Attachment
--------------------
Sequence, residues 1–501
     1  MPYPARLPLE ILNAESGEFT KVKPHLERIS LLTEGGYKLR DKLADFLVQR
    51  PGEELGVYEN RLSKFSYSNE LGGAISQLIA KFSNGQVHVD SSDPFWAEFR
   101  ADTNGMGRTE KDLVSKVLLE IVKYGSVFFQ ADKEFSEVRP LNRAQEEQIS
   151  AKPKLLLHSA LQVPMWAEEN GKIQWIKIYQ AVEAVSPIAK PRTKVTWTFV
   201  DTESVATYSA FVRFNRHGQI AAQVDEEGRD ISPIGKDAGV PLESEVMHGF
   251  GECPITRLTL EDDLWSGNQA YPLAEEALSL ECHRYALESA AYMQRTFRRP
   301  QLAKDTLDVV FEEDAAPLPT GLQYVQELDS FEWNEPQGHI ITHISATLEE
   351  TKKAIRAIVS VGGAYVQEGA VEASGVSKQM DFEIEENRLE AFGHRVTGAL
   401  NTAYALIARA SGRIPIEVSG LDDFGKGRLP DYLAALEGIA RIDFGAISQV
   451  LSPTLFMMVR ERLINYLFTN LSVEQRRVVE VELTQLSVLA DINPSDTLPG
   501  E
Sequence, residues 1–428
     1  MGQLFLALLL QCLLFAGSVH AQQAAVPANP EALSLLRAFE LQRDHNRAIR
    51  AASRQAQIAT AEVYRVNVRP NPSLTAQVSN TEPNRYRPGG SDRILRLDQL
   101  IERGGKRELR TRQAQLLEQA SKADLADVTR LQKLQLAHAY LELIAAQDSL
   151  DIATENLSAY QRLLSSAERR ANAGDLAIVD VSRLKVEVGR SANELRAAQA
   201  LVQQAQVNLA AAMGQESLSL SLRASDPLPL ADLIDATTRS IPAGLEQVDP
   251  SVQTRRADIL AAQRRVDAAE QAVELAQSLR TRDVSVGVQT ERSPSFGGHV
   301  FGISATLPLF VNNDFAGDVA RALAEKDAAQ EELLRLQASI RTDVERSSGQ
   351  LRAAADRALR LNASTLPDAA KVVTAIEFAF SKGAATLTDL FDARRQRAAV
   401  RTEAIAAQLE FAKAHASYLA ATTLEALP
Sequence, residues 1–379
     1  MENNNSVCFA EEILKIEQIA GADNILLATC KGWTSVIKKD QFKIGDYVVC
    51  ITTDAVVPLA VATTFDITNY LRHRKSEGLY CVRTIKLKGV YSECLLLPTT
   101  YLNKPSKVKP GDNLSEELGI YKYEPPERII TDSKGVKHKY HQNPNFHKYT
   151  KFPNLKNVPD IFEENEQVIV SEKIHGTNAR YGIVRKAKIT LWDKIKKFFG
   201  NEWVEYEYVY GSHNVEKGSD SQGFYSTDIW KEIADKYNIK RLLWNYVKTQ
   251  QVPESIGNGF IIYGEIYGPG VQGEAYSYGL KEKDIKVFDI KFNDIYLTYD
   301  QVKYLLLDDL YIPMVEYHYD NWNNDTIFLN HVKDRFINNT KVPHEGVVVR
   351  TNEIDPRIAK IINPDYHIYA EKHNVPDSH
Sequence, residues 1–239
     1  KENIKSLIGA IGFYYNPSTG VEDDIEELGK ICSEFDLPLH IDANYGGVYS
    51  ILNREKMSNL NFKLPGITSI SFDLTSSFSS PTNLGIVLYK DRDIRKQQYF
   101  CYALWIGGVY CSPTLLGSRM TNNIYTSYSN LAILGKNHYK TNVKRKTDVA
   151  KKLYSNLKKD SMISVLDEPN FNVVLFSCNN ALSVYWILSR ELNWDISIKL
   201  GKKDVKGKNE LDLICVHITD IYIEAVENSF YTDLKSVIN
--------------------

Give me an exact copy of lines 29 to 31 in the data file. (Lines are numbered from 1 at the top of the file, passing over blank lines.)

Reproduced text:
   251  QVPESIGNGF IIYGEIYGPG VQGEAYSYGL KEKDIKVFDI KFNDIYLTYD
   301  QVKYLLLDDL YIPMVEYHYD NWNNDTIFLN HVKDRFINNT KVPHEGVVVR
   351  TNEIDPRIAK IINPDYHIYA EKHNVPDSH